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Pakistani opposition leader Benazir Bhutto died during surgery from injuries sustained
Pakistani opposition leader Benazir Bhutto died during surgery from injuries sustained in a suicide bomb attack, local TV channels said on Thursday.

The attack occurred when shots were fired by an assassin, who then blew himself up as Bhutto left an opposition rally in Rawalpindi, near Pakistan's capital city of Islamabad, initial reports say around 20 people were killed and at least 15 injured.

Bhutto, 54, who had twice been the country's prime minister, was about to run in parliamentary elections January 8 as leader of the Pakistan People's Party (PPP).

Grief stricken Bhutto supporters demonstrated outside the hospital where she died as street protests spread across the country. Thousands of protesters fired shots in the air setting fire to cars, blocking streets and smashing windows. According to local media reports, several people have been injured.

President Pervez Musharraf announced three-days of mourning in the country.

"Terrorists are the biggest obstruction in our path to progress. I will not rest till I root out terror from our soil," Musharraf said.

The UN Security Council has called an emergency meeting following Bhutto's assassination, a spokesperson for the Russian UN mission said.

"The UN Security Council will gather for an emergency meeting. It is expected that UN Security Council head will issue a statement in connection with Bhutto's murder," Maria Zakharova said.

Russia condemned the terrorist attack. "We denounce the act and express our condolences to Bhutto's relatives and friends," Foreign Ministry spokesman Mikhail Kamynin told the press.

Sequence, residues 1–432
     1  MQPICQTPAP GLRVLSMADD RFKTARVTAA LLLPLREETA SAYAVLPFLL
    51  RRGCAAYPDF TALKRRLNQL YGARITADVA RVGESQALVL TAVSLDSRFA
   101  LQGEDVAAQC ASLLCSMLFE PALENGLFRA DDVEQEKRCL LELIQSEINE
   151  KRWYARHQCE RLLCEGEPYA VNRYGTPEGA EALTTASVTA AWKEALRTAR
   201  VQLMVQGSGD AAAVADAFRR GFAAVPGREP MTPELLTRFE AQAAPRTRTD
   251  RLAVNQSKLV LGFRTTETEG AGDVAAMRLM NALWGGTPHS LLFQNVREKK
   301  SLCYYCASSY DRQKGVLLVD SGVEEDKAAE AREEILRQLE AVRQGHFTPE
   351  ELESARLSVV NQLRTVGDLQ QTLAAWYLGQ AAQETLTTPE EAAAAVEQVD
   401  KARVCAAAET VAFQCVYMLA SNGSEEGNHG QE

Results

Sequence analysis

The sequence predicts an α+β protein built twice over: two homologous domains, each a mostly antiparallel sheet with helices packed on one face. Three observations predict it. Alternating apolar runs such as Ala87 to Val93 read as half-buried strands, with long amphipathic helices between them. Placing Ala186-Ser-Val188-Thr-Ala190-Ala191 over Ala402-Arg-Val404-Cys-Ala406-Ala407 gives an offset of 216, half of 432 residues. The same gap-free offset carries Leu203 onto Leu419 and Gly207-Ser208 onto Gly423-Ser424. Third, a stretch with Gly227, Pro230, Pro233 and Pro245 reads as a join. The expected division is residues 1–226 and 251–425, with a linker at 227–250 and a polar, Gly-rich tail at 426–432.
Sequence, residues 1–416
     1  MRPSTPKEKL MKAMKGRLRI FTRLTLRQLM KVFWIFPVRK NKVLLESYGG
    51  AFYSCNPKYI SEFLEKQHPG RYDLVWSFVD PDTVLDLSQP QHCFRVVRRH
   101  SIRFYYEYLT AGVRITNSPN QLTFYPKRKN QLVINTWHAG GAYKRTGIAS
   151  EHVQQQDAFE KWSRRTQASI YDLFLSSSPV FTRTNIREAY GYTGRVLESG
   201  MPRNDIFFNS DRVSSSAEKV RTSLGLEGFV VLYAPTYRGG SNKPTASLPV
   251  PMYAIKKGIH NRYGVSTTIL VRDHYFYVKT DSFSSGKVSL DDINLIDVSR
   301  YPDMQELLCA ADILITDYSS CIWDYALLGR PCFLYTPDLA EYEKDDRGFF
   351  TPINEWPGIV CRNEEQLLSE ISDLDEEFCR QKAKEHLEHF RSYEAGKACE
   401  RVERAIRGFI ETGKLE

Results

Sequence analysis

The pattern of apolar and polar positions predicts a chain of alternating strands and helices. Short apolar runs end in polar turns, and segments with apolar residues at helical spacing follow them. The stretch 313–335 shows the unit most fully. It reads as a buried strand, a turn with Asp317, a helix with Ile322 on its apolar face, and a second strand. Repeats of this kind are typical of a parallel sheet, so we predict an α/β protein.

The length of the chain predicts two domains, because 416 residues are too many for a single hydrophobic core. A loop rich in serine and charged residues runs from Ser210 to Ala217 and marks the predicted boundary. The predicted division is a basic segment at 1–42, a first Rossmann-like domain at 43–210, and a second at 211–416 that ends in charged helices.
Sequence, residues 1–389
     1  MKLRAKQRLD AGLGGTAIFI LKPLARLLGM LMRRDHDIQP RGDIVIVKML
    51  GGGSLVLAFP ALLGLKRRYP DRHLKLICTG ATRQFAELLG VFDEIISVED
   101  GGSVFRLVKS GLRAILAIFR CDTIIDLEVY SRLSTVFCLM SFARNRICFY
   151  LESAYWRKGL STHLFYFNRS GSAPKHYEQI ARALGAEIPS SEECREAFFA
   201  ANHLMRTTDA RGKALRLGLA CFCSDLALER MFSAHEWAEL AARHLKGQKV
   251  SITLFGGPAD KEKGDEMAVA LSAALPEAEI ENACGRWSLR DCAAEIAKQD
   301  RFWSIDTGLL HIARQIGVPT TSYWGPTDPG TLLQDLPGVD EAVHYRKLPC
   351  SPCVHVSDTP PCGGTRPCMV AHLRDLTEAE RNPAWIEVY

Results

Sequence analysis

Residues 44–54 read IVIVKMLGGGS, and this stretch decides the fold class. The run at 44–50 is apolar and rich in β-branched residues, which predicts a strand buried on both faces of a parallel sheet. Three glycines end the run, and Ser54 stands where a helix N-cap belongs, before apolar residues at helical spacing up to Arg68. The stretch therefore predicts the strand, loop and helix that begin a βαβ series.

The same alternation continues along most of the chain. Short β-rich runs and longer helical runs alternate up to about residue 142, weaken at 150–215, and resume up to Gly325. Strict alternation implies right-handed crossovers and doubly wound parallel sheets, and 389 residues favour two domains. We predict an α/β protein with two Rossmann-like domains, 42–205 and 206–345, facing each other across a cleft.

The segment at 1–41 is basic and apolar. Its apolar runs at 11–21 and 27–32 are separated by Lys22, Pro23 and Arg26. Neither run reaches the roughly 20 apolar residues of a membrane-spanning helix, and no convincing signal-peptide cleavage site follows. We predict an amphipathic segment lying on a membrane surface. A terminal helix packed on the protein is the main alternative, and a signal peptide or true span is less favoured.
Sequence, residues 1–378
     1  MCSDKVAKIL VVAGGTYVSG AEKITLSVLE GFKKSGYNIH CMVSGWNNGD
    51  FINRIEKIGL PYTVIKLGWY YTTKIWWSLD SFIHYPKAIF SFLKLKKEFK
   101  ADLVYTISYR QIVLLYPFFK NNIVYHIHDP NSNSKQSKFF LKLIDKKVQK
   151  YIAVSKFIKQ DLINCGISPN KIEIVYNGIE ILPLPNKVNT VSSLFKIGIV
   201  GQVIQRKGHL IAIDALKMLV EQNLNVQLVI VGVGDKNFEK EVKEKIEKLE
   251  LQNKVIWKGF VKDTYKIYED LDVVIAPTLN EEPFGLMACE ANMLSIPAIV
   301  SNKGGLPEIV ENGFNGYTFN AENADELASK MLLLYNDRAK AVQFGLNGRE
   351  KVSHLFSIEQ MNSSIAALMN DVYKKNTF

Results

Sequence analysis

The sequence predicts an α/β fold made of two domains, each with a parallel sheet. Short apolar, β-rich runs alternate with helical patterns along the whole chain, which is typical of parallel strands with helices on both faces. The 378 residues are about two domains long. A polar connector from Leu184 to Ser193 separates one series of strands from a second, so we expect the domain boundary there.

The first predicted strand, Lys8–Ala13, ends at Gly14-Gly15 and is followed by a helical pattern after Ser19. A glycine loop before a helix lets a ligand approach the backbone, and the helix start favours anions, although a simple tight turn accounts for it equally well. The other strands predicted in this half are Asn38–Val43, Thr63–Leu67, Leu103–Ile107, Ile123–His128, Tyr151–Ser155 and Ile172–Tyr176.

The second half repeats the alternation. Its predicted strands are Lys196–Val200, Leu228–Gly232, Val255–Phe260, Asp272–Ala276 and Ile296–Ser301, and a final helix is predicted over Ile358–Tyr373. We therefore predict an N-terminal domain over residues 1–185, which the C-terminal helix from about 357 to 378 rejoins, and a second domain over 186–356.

Moscow has urged Pakistan's political forces to exercise utmost restraint and not to respond to any provocation.

"It is especially important now for all responsible forces in Pakistan to exercise maximum restraint, not to respond to provocation by extremist elements, and do all they can to counter international terrorism," Russia's Foreign Ministry said in a statement posted on its official website.

Political analysts warned there could be dire consequences of Bhutto's assassination.

Yevgeny Satanovsky, president of the Institute of Middle East Studies, said that the situation could lead to instability and Pakistan's nuclear weapons could fall into the hands of Islamic radicals.

He said everything now hinges on whether President Pervez Musharraf and the military are able to keep the situation under control.

Sergei Oznobishchev, director of the Institute of Strategic Assessments, suggested those most likely to benefit from Bhutto's assassination were Pakistan's ruling regime and the military establishment.

Bhutto returned to Pakistan in October after more than eight years of self-imposed exile. Her arrival was overshadowed by a terrorist act which took the lives of 140 people and injured 500 as hundreds of thousands of people lined the streets to greet her homecoming.

Bhutto pledged to fight against extremism and for democratic reforms, and opposed the emergency rule imposed on November 3 by President Pervez Musharraf who cited a dangerous rise in militant activity.

On December 15, the president lifted the state of emergency claiming that the threat from Islamic militants had been partly dealt with and contained.

Less than a week later a suicide attack targeting Pakistan's former interior minister killed up to 60 people and injured around 40 in a mosque in the country's northwest. At least eight people were killed and seventeen wounded in a terrorist blast in northwest Pakistan two days later on December 23.

Pakistan's Interior Ministry said in early November that about 670 people in Pakistan had been killed and over 1,800 injured in a total of 157 terrorist attacks in 2007.

Bhutto was the daughter of deposed Premier Zulfikar Ali Bhutto, the founder of the PPP. He served as the president of Pakistan between 1971 and 1973, and as prime minister between 1973 and 1977. He was hanged in 1979 by the country's military ruler, General Muhammad Zia-ul-Haq, allegedly for sanctioning the assassination of a political opponent.

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